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“Healing presence is the condition of being consciously and compassionately in the present moment with another, believing in and affirming their potential for wholeness, wherever they are in life.”  

 —James Miller, The Art of Being a Healing Presence  

Upon hearing the news that a friend or family member has been diagnosed with a serious illness, it can be difficult to come up with the right words to say. Research encourages us to remember that people in a crisis do better emotionally if they have strong and appropriate support. CancerCare ( offers some tips on how to reach out in a meaningful way:  

• Listen. Often, we are tempted to say “you will be OK” when fear or sadness are expressed. However, your ability to listen without judgment or “cheerleading” can be one of the most meaningful contributions you can offer.  

• Stay connected. Checking in regularly over the long haul is important. Cards work well, even on days when fatigue may make long conversations or visits difficult.  

• Share advice when you are asked but support their treatment decisions: Offering to research information on the diagnosis may be helpful. Avoid saying, “You should try... .”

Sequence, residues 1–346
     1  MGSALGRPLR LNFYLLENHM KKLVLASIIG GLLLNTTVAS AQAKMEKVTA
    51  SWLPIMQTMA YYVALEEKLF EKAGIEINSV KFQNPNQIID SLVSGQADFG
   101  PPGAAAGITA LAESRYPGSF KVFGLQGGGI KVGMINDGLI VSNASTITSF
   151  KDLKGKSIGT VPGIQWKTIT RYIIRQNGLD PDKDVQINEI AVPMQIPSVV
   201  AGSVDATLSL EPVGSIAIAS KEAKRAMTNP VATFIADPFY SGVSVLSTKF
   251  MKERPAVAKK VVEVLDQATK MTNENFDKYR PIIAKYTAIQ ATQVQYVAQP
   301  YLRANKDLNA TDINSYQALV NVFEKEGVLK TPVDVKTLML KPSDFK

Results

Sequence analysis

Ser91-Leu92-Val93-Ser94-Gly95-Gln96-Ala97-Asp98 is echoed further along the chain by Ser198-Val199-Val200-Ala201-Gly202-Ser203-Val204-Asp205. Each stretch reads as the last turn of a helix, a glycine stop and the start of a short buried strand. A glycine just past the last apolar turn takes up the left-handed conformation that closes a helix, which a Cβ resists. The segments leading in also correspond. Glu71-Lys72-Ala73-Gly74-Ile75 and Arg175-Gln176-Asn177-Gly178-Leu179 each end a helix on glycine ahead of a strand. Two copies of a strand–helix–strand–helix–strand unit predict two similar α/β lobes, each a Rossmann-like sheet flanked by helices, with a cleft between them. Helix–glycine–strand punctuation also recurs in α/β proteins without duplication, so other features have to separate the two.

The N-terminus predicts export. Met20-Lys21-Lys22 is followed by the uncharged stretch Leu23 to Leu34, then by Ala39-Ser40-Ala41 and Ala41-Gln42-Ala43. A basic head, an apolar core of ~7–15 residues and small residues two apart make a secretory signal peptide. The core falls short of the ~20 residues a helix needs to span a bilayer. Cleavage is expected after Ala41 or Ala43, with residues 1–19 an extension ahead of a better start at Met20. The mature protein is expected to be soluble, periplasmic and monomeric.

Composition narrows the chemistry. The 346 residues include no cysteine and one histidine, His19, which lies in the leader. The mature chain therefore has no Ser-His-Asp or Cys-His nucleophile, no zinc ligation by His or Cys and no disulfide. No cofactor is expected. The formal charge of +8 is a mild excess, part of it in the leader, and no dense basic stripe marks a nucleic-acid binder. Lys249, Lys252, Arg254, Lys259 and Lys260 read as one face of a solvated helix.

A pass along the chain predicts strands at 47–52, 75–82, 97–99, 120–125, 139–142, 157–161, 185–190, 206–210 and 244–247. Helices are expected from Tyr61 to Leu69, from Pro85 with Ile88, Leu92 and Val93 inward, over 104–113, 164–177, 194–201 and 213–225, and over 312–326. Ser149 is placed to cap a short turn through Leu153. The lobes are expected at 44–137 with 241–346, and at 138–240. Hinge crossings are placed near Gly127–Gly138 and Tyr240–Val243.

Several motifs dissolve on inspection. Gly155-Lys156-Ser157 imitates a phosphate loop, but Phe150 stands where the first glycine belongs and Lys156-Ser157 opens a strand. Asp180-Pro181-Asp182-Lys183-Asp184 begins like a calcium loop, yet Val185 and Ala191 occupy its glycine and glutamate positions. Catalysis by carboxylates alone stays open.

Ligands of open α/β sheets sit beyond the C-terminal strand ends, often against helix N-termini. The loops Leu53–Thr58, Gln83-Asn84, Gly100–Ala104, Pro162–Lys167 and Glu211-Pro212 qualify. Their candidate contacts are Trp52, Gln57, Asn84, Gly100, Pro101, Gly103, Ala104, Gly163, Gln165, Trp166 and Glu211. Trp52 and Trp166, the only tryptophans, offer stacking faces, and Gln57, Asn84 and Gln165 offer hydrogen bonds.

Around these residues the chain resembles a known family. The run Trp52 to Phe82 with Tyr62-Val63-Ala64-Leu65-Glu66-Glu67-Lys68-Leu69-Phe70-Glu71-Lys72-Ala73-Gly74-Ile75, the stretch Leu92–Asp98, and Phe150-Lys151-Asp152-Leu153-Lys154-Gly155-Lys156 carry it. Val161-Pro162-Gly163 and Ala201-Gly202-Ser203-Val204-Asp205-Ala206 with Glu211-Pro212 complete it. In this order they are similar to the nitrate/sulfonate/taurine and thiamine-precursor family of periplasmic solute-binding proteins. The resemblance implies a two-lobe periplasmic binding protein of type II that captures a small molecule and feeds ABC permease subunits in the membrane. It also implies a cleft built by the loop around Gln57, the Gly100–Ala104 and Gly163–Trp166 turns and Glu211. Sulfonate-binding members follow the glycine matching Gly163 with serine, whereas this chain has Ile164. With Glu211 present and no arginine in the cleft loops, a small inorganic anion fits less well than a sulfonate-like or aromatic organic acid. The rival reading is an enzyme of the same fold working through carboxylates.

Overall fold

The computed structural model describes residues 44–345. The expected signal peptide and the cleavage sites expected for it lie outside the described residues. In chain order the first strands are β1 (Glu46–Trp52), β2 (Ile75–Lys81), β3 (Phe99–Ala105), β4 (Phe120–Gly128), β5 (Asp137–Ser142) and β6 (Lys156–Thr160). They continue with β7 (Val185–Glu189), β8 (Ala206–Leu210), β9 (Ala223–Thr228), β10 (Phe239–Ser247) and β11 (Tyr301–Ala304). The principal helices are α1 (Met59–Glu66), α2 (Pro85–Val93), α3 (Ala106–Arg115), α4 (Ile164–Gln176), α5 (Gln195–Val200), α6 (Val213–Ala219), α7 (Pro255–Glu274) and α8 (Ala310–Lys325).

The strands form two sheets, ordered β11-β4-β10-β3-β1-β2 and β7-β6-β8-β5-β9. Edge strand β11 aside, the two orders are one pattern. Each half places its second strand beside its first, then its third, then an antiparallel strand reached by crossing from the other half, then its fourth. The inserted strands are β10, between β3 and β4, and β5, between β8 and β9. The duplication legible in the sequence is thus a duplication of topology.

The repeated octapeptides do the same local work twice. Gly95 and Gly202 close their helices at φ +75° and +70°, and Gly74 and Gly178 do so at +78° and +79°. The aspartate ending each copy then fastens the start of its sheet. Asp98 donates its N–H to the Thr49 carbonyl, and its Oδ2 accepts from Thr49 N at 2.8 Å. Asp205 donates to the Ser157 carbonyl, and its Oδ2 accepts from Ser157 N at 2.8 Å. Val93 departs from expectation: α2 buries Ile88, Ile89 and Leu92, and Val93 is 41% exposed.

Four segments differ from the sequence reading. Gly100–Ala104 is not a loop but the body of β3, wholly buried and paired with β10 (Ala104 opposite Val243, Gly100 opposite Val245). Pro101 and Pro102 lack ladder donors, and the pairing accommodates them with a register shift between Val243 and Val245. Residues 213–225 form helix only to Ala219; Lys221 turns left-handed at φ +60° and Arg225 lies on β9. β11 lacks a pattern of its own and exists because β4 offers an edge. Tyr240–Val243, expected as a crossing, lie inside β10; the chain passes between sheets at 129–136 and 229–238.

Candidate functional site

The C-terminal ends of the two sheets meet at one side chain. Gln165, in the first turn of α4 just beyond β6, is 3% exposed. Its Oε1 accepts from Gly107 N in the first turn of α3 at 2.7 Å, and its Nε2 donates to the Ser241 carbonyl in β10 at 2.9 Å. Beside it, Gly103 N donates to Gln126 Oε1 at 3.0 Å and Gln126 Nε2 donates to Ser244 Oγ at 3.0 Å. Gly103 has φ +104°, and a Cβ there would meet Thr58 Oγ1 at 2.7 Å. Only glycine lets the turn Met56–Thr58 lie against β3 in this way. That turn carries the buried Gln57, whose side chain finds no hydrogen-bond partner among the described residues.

• Keep the caregiver in mind: Often, the main family caregivers put their own physical and emotional well being on hold.  

• When offering to help be specific: Rather than saying, “Call me if I can do anything,” try “I’ll bring dinner over on Tuesday,” or “I’ll walk your dog on weekday mornings.”  

• Honor their need to keep things “normal.” Be sensitive to the fact that for the person experiencing a serious illness, occasionally doing their routine “pre-illness” tasks can lessen their sense that their life is being consumed by the diagnosis.  

• Stay attentive to their needs once treatment is over: Many people completing treatment for cancer report that, “It’s not over when it’s over.” Your listening ear may be especially appreciated during this is the time when the enormity of what they have been through suddenly hits home.  

• Learn about the diagnosis: Seek out information from reputable professionals and organizations. For example, many people experiencing cancer have found CancerCare’s free Telephone Education Workshops to be a way for people to learn about cancer-related issues from the convenience of their home.


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